This article originally appeared in Pyramid #5
Postcard from Europe
By Steve Jackson
Steve Jackson just returned from a two-week trip to Europe.
He brought back some new games, some observations,
and the worst case of the flu he'd ever had...
Essen, Germany, Oct. 25, 1993
I've spent the last few days at the Essen toy and game fair. This is a mass-market show, with areas for family gaming and even kids' games -- but there is also a big adventure gaming hall. I've never been here before, but some U.S. companies, like Mayfair, are old hands. I also saw Sam Lewis from FASA, and many other U.S. companies were represented.
Companies from all over Europe attend, too, and do all kinds of business. Over the last few days I've made agreements to put Illuminati back into print in both German and French -- and to do a Dutch edition, as well. And I signed with Halloween Concept, a new firm, to do a French edition of Toon.
Essen is a hugely busy convention. Saturday and Sunday the traffic was literally shoulder-to-shoulder in some areas. The adventure gaming section wasn't that crowded, but it was busy enough! Welt der Spiele (World of Games), our biggest German distributor, has been a huge help. They let me use their booth as a base of operations. It gave me a good chance to meet the German gamer in his buy-and-ask-questions mode. What he mostly wants, judging from what I heard, is more variety, and rules that are easy to learn. Sounds familiar...
The German gaming scene is growing rapidly, with original material as well as translations. The biggest RPG is an original fantasy background, Der Schwarze Auge, which is usually translated as "the Dark Eye," because "Black Eye" is a bit silly in English. In translation, FASA's line is very popular. So is Space Hulk, in both English and German.
Due to the amalgamation of East and West Germany, the German economy is still somewhat depressed, but it's getting over that. And when the Wall came down, Monopoly became an instant best-seller in East Germany!
I spent a lot of time talking with a group of German students whom I met on the Net. They're interested in producing an electronic interactive fanzine for GURPS, and they had some impressive things to show me. When it's ready, we'll put it on io.com.
Dublin, Ireland, Nov. 1, 1993
I was in Dublin for Gaelcon; along with Greg Stafford, I was Guest of Honor. Greg had been here before, and told me I should come. He was right.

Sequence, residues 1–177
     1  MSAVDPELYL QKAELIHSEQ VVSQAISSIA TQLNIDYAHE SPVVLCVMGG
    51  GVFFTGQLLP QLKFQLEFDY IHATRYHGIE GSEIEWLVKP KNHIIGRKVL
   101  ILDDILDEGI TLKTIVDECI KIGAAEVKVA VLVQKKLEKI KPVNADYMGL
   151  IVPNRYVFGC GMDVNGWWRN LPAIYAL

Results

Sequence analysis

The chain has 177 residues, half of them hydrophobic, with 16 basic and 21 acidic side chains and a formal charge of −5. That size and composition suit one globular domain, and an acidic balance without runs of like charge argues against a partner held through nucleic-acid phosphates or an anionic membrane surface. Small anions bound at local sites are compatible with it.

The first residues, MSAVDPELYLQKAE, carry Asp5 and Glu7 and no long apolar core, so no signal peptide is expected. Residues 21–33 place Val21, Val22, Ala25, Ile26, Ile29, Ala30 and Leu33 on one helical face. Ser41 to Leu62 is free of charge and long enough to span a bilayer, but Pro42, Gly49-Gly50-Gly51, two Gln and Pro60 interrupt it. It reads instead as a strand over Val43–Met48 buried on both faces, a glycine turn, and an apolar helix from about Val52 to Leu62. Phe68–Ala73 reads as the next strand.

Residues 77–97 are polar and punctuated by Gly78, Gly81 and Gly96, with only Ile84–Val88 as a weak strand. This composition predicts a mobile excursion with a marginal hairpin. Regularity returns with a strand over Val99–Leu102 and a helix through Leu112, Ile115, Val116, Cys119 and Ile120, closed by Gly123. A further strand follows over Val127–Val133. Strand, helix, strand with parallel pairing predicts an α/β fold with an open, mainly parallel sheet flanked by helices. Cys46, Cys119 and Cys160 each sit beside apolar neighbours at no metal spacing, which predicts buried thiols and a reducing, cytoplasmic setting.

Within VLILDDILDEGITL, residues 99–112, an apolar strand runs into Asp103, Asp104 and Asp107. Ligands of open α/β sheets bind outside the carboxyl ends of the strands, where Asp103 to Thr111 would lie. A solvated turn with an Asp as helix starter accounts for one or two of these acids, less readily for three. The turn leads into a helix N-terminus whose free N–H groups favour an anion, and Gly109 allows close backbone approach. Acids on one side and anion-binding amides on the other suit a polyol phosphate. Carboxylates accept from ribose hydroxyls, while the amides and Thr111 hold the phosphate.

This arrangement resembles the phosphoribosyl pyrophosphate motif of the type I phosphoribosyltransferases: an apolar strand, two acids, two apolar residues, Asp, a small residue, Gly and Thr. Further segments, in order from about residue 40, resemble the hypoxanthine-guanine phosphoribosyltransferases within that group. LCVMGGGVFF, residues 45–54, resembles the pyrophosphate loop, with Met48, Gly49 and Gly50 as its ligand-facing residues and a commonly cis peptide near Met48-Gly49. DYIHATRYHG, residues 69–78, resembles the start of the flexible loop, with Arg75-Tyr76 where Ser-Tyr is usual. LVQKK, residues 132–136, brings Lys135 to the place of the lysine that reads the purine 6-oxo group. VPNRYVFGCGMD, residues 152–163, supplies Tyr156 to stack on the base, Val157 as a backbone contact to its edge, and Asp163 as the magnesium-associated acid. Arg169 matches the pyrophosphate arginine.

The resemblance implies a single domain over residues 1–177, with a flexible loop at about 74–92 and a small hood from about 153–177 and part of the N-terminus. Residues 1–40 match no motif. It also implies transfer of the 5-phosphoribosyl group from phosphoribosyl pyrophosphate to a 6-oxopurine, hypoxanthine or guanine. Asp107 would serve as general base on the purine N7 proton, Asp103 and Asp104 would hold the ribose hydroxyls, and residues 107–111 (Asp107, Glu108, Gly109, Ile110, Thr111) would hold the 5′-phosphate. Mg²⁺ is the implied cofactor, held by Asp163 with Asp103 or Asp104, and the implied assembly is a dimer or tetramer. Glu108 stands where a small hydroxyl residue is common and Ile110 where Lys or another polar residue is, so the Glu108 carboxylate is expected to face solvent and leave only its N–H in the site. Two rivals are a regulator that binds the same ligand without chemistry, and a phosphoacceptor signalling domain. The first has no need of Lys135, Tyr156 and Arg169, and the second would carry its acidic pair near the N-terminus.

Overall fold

Before the con started, I spent most of a day in the Irish National Museum. I saw a Viking D6, made of walrus ivory, that dated to the 11th century. There were several authentic gameboards, too. The rules for one of them, Nine Men's Morris, have come down to us! There were also incredible displays of finely-worked gold jewelry from both Viking and Celtic cultures. I'd sure like to do GURPS Celtic some day... And yes, I went to see the Book of Kells. If we ever do a Celtic book, I know where the art has to come from.
Gaelcon started Friday morning. It had the most beautiful convention site I've ever seen: hundreds of years old, with a courtyard, formal gardens, lofty decorated ceilings, huge paintings of nobles, and stained glass windows in the main gaming rooms...
Game distribution in Ireland is not great. Everything comes over from England, and everything is costly. (One significant exception: Mithril Miniatures are produced in Ireland. I bought several of their excellent Lord of the Rings line.)
Warhammer, Warhammer 40K and AD&D were the most popular games in the open areas. Vampire is well known but doesn't seem to get as much actual play as it does here. The Irish gamers play everything, though. While I was there, I got into games of Scrabble, Family Business and Balderdash. Our own distribution there could stand some improvement. GURPS books are widely read but not widely played, and a repeated question about my big Ogre demonstration was "Is this like Epic scale?" (I didn't kill anyone, honest!)
The convention has a great logo. It's based on a detail from the Book of Kells -- all they did was add the dice.
Gaelcon was quickly dubbed "ConTamination," because the sound of coughing was everywhere. The Gaelcon Flu struck down committee members and gamers alike, but nobody stayed struck down. Not with Guinness to drink and games to play... By the way, real Irish Guinness bears no relation to the nasty stuff we get in the States. If you ever get the chance, try a pint.
And though I was sick as a dog for the last two days, I had a great time and hope to go back someday. These people play games.
Article publication date: February 1, 1994
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